Constructive Tips To Help Your Child Deal With Mean Friends

Constructive Tips To Help Your Child Deal With Mean Friends

No parent wants their child to have to deal with mean friends, but it happens to our sweet children, unfortunately. You can help your child deal with mean friends in a positive and non-violent manner with a few precautions.

We are parents. Protectors of our precious children who we created or were blessed with in other ways in our lives. It is so painful to watch a child go through pain and suffering, especially when it’s inflicted on them by another child. The sad truth is, we can’t always be there to step in and help, especially if the child is at school all day long, getting bullied and feeling alone.

It’s heartbreaking.

While I don’t recommend fighting our children’s battles for them, there is something we can do as parents to help guide our children and resolve some of these tensions that take over their lives in a negative way.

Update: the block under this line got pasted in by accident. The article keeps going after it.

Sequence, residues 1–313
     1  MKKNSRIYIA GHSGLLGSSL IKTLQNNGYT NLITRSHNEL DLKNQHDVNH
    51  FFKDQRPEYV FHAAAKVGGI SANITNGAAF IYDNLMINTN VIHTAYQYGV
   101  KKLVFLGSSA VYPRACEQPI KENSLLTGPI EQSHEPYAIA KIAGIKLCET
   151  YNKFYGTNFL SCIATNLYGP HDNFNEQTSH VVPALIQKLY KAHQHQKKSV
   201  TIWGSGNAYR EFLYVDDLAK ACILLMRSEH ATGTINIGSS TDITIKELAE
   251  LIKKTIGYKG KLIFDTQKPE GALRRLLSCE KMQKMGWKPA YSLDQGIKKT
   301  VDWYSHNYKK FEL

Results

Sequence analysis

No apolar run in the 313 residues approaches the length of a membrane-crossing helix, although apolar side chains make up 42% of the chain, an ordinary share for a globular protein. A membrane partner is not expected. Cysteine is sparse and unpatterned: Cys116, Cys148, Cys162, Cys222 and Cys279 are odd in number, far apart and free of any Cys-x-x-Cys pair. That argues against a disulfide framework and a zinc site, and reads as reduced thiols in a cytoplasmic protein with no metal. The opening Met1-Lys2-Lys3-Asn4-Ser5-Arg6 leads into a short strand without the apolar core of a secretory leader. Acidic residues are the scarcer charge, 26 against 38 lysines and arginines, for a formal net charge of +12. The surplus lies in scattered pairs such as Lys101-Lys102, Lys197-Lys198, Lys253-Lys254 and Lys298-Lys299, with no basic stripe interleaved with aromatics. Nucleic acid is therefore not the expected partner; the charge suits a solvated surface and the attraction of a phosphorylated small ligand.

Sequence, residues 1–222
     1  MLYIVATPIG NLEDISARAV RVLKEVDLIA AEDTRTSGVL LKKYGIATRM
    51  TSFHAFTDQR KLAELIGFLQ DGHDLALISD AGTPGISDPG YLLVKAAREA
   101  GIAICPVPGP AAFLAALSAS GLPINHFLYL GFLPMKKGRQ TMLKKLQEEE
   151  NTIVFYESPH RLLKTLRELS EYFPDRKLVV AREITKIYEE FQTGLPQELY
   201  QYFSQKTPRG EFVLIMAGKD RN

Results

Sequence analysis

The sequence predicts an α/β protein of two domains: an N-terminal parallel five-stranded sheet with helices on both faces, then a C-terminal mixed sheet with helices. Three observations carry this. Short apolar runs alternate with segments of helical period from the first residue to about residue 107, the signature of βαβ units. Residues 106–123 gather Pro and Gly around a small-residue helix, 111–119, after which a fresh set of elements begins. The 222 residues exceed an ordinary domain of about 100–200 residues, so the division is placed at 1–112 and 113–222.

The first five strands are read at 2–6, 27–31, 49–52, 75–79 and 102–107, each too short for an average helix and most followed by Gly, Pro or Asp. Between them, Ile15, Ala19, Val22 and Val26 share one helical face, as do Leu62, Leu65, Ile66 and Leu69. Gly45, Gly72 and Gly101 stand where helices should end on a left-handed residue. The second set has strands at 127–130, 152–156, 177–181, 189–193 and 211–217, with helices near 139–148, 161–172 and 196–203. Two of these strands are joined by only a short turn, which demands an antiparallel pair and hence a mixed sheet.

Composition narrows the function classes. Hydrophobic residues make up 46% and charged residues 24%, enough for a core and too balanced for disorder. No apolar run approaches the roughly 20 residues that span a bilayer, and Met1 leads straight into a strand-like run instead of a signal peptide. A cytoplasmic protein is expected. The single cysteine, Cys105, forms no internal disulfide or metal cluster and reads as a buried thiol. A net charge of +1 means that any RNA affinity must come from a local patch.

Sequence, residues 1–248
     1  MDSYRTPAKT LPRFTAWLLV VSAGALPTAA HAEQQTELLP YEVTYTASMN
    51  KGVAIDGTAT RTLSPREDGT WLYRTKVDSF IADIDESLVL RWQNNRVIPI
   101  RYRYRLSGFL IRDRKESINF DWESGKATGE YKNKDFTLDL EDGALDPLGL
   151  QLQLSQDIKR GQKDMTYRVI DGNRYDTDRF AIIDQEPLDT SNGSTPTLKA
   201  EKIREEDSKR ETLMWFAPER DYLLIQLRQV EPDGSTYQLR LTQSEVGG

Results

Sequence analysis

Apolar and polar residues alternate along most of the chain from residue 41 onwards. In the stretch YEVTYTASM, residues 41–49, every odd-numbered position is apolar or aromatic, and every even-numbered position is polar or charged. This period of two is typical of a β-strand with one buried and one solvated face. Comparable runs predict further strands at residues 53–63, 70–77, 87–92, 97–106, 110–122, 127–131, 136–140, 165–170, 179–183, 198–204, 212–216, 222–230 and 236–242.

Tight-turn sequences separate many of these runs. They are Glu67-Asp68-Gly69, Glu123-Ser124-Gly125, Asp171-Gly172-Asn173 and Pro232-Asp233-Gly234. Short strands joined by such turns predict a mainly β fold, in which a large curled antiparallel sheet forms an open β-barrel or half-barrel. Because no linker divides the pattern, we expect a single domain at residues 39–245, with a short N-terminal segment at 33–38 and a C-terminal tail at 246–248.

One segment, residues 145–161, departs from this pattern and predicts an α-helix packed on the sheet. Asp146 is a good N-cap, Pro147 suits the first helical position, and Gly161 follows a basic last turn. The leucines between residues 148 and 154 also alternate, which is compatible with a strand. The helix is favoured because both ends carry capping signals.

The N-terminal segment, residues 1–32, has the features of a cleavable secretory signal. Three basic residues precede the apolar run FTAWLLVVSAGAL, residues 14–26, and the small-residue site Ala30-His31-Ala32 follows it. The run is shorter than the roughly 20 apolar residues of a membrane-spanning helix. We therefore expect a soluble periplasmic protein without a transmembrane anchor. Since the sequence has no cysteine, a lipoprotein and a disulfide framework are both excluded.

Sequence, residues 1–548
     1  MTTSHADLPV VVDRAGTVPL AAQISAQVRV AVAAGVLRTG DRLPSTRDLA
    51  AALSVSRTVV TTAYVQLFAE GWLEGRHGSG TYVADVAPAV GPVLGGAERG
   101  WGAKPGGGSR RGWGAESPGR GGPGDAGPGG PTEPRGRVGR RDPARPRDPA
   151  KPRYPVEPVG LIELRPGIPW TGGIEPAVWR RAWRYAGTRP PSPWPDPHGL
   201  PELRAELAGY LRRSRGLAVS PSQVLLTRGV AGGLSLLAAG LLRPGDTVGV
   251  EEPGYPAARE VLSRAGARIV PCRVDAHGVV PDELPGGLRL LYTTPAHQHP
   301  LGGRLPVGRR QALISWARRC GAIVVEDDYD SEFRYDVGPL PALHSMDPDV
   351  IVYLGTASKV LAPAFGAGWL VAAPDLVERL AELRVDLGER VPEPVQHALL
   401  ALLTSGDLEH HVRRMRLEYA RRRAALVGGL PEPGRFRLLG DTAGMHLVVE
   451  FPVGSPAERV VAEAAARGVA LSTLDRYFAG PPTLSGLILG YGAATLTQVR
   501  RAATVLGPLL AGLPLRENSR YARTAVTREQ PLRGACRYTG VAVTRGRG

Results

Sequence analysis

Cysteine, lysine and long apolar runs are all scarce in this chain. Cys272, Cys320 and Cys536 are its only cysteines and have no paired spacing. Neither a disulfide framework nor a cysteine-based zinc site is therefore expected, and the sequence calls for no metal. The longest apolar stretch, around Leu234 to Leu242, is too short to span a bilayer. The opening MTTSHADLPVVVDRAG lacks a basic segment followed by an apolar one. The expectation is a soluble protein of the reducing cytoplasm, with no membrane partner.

We can provide skills which our little ones can use when we are not around, and no they don’t involve karate moves and hitting!

*Although I am not against families taking self-defence classes together, it can be quite beneficial for bonding and family safety.

Conflict surrounds us. People who are mean, are just part of our daily lives and not everyone values kindness. You can really see this on social media, such as youtube comments, Facebook reactions and forum conversations that turn violent very very fast.

We need to learn how to deal with this conflict, and we need to learn these tactics early on in life and a good time to start learning how to deal with mean people and peer pressure, is at school.